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Sat 4 Apr 2009 04:00 AM

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GCC states failing to halt economic slide

Ghassan Barrage of Booz & Company, reveals why GCC states must ramp up their response to the downturn.

Ghassan Barrage, senior executive adviser at management consultancy Booz & Company, reveals why GCC states must ramp up their response to the global financial crisis.

How badly has the GCC region been hit by the financial crisis?

Where I come from in Saudi Arabia, the crash has had relatively less impact than in other countries in this region. The main challenge for GCC countries is to maintain their long-term growth agenda. If it's not implemented, the impact would be much more devastating than the initial effects of the crisis.

GCC countries will have to absorb some five million young people into the workforce in the next 10 years, and the Arab world overall will have to absorb 50 million in the next 20 years. The crisis needs to be managed so GCC countries can maintain their long-term growth agendas and deliver on goals.

What can the GCC states do to halt the economic slide?

The first step is to focus on industries that operate in the energy industry, and to some extent that is being done. A lot is being done in terms of chemicals and fertiliser, and there are opportunities in downstream areas that could absorb more labour. Another option, which was discovered by Dubai 30 years ago and has now become obvious, is logistics.

Dubai has Jebel Ali [a logistics hub] and an open skies policy for the air transport sector, which has generated a lot of economic activity for the emirate. There is much that can be done in other parts of the GCC to benefit from this location in terms of trade, logistics and shipping.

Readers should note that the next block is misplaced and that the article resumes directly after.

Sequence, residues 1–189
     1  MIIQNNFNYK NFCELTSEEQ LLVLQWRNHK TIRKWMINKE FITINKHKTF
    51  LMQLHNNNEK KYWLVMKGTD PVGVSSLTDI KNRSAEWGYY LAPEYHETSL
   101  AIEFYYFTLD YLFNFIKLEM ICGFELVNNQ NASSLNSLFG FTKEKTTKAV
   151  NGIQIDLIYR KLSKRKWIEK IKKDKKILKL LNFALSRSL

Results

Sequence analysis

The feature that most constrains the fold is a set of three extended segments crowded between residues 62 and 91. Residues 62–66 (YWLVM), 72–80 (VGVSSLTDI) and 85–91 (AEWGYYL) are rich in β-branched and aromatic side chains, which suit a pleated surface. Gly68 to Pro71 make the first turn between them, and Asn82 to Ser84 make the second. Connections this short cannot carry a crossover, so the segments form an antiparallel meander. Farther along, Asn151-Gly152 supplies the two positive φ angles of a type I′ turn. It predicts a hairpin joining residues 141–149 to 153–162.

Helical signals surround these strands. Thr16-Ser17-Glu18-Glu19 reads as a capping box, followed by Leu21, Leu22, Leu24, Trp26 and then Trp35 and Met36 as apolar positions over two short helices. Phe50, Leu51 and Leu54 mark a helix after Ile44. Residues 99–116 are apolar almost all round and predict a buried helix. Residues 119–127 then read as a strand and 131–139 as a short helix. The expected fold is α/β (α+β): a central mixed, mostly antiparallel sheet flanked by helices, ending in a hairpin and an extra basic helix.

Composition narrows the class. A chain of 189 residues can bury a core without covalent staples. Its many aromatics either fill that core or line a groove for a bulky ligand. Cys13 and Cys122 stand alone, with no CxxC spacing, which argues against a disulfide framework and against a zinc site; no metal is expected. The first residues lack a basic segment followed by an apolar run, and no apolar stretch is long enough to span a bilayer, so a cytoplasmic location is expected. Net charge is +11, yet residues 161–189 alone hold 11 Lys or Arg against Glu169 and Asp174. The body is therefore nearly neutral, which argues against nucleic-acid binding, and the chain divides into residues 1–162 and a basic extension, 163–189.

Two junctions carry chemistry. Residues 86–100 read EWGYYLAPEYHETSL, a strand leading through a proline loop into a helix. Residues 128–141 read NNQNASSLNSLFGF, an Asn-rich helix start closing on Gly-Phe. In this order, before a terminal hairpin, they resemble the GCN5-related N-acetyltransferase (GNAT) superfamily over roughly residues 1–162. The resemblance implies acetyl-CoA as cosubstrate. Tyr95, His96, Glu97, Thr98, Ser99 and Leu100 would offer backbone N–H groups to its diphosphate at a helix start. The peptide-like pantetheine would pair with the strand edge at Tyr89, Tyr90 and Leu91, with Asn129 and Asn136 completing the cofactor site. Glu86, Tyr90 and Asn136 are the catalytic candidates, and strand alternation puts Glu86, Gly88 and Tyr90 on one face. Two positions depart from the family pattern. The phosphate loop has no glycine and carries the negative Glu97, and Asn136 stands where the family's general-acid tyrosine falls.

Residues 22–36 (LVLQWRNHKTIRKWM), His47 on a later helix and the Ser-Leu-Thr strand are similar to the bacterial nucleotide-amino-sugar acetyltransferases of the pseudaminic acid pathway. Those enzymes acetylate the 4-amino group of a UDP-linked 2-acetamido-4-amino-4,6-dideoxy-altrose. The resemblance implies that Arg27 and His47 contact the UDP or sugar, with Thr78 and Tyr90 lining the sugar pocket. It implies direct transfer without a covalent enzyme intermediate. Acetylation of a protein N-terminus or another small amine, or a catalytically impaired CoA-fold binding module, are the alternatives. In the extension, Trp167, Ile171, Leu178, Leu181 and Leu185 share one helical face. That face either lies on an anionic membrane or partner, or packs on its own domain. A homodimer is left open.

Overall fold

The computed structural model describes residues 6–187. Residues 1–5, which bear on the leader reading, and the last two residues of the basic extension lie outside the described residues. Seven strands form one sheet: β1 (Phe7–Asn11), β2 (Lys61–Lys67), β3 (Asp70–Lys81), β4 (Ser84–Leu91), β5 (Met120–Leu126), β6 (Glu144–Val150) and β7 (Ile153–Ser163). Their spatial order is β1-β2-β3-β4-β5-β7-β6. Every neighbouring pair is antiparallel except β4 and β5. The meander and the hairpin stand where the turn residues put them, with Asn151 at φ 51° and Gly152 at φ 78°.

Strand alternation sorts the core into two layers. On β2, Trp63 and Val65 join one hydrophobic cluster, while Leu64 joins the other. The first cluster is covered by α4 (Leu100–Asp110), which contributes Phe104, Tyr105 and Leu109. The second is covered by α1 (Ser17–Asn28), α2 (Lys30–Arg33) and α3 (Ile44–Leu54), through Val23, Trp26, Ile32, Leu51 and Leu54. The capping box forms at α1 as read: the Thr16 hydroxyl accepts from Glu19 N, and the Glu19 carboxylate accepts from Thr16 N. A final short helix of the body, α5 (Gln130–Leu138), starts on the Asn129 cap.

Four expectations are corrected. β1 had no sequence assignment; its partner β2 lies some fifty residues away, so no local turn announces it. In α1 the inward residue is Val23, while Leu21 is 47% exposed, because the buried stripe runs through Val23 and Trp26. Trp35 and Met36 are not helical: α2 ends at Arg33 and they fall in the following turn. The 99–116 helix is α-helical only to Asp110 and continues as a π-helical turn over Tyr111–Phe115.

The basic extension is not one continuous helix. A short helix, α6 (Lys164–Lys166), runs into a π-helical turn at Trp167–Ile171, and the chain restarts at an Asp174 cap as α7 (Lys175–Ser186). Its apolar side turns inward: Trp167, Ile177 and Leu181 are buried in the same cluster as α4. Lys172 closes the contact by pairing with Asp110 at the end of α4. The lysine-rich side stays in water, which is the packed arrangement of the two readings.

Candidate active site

The third, and perhaps most important area, is to develop the knowledge industry because it is best suited to absorb the young people entering the labour force for white collar jobs. We're talking about rich populations in the GCC that can afford to educate people.

Governments have identified these problems, but the speed of execution is too slow. If we are further delayed we are going to have a major problem in terms of absorbing the youth into the workforce. Governments must redouble their efforts.

Aren't government funds equally hampered by the downturn?

Even with a slowdown for a year or two, it doesn't mean you shouldn't be working on the infrastructure, environment, laws and regulations, education and training. This burden, for the most part, is taken by the governments and today they have the money. When a good investment opportunity comes along there is no reason why it shouldn't be considered.

If there is a need to underwrite some of the risk by the government, then that should be done. But you cannot sit back and say ‘no one knows what the future looks like and we don't know what to do next'. It's very dangerous. Steps need to be taken and I don't blame governments for finding it difficult because they have a heavy political agenda. My suggestion to them is to assign some of their best people to execute the economic growth agenda. We cannot sit back and just twiddle our thumbs.

Should the GCC governments fail to take decisive action, what will the long-term impact be?

You'll have many people looking for jobs. Even during boom times we have high unemployment rates here; north of 10 percent on average - for the youth it's 20 percent and for women the figure is north of percent. Already, we're in a situation where unemployment is huge.

In the private sector, the easiest way out is by importing talent from abroad. When you have a crisis you can immediately reduce the workforce and when you need people you can tap into the world market and attract them. It's the easy way out and you shouldn't expect countries to take the hard way.

This is another issue where the government needs to support the development of its nationals and make it more attractive for local businesses to hire them. The problem is this issue is not being addressed fast enough.

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